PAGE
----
Another article for the Miles and Minutes Richmond running magazine!
Cha Cha Cha Chia…
What do nutrition, barefoot running and goofy Christmas presents have in common? The Tarahumara; a Native American people of northwest Mexico, described in McDougall’s national bestseller, “Born to Run”. Tarahumara, literally means “runners on foot” or “those who run fast.” These are the guys who run long distances through rugged terrain, barefoot! Turns out, they also eat chia seeds. Other Central American natives called the chia seed “Indian running food” and warriors would use them as fuel in battle. And yes, it’s the same “cha cha cha chia” that sprouted magical fur in the mid-80’s on those clay figurines.
Chia seeds are now in everything from unique tea blends to energy bars. For health and running performance, chia seeds offer fiber, numerous minerals and healthy omega-3 fats, which is all the rage these days. While being a good source of plant protein, chia seeds also contain loads of calcium and are gluten-free, if you’re into that sort of thing. Although you probably tossed that Christmas present long ago, along with the stale fruit cake from Aunt Mabel, we may have you rethinking at least one of those decisions.
Let’s start off with what the chia seed is, and then we’ll move into what it is not. Chia seeds come from an annual herb, similar to mint, which is native to parts of Central America. The word chia comes from the Aztec word chian meaning “oily”. Since you can extract about 30% of its weight in oil, the name is appropriate. For the nutritional nerds out there, its oil is 55% omega-3 and 18% omega-6 which can help balance the ratio of omegas in your diet. The chia seed is very small at about 1mm and can absorb vast quantities of water; up to 12 times its weight, which can help you stay hydrated. It has good fats, is high in plant protein, fiber, and minerals, and it helps reduce blood sugar spikes; when mixed with water it creates a gel which slows the absorption of sugar into the blood. Remember that paste you spread on your chia pet? That’s actually nutritionally beneficial too.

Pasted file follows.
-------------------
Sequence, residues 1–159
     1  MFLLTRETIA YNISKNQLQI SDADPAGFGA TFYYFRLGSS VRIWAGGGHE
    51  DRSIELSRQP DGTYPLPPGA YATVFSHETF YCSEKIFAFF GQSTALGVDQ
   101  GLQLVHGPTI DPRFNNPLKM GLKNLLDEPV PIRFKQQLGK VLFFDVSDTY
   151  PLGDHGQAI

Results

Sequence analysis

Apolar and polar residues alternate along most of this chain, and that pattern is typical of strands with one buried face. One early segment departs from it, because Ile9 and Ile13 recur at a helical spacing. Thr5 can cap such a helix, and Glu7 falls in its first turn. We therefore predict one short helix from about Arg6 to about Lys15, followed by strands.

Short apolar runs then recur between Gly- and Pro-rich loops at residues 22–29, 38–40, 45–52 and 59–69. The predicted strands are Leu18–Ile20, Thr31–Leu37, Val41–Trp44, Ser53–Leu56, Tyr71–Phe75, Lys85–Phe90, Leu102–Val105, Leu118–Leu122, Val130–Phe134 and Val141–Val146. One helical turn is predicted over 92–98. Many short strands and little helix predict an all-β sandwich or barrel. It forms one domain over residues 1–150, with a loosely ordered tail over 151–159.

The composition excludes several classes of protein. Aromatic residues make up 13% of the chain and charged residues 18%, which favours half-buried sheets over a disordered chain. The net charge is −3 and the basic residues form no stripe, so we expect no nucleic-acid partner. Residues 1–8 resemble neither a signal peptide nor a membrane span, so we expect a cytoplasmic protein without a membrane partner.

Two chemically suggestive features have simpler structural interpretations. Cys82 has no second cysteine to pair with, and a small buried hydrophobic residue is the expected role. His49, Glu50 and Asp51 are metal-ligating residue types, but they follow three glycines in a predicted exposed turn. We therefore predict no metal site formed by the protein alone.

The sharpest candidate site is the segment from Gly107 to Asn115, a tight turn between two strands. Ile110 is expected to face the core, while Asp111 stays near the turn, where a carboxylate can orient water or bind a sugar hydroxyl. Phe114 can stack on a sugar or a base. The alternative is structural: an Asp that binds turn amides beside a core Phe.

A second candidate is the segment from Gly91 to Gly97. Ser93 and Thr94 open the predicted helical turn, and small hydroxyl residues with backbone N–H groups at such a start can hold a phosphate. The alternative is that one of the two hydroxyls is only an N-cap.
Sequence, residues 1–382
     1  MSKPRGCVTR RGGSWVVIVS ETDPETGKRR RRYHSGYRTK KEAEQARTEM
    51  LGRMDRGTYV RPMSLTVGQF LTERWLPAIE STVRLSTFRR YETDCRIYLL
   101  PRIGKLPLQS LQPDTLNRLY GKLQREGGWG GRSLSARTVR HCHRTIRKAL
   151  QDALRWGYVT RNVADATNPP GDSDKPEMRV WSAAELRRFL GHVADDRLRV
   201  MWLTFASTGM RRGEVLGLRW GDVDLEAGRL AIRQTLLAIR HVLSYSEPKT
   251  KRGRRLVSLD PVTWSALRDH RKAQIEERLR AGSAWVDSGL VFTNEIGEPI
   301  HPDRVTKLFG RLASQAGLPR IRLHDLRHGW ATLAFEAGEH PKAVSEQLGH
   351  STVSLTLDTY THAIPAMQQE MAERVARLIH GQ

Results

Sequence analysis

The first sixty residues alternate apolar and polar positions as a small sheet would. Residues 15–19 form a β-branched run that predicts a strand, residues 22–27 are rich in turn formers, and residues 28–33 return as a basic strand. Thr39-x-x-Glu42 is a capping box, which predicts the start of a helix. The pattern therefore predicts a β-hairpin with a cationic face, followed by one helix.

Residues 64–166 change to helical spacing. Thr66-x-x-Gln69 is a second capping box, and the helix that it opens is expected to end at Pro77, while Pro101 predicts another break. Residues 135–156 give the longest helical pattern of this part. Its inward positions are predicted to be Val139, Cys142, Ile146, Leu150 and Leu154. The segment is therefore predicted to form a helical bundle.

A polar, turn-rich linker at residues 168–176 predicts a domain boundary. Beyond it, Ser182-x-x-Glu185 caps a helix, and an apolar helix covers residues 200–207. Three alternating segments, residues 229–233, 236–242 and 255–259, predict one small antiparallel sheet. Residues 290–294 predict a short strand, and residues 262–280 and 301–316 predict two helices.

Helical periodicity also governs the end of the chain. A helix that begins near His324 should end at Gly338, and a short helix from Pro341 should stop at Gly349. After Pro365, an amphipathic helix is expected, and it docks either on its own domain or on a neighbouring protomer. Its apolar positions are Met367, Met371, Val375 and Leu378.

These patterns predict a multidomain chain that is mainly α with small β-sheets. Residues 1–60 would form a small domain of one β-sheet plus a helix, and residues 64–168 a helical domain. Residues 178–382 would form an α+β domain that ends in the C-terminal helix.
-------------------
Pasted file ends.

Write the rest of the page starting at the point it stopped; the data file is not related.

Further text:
You might have already heard about some of these benefits, but is there a downside to these seemingly magic seeds? Of course no food is perfect. Let’s dispel some myths around chia seeds. First, the omega-3 in chia seeds is plant based, like flax seed, which is less useful than the fatty fish omega-3’s. When chia seeds claim to have more omega-3’s than salmon, it’s true on a gram for gram comparison, but it’s quantity over quality. Fish omega-3’s are in a form that packs more of a punch, so much less is needed to give your body what it needs.
There’s another myth that says chia seeds will help you lose weight. The idea is that if you eat the seeds dry, they will absorb water in your stomach causing them to expand, making you feel full and hence, reduce your appetite. One study tested this hypothesis; for 12 weeks subjects added 2 oz of chia seeds per day to their diet, but this did not make any significant changes in body weight or health markers. While it may not be a weight loss magic pill, the protein is good, the carbs are slow to break down and the fats are healthy, making chia seeds an overall good choice and a welcome addition to a balanced diet. Caution should be taken when adding any new regiment to your diet, especially before a run or race. We suggest you try it out before race day just in case the added fiber, let’s say, makes you a less than desirable running partner….
What makes chia seeds unique, compared to other healthy foods is their ability to absorb water. Leave a teaspoon of chia seeds in half a cup of water for an hour or so and you’ll have something akin to pudding. The soluble fiber in the chia seeds forms a gel, which slows down the digestive process, giving you a more controlled release of carbohydrates and water. Eating this “pudding” after a run will help you rehydrated as your body breaks down the water logged chia seeds. Putting a serving of chia seeds in your coconut water, or your homemade hydration drink (check last month’s article for recipes), can help you prevent dehydration and recover after a long run.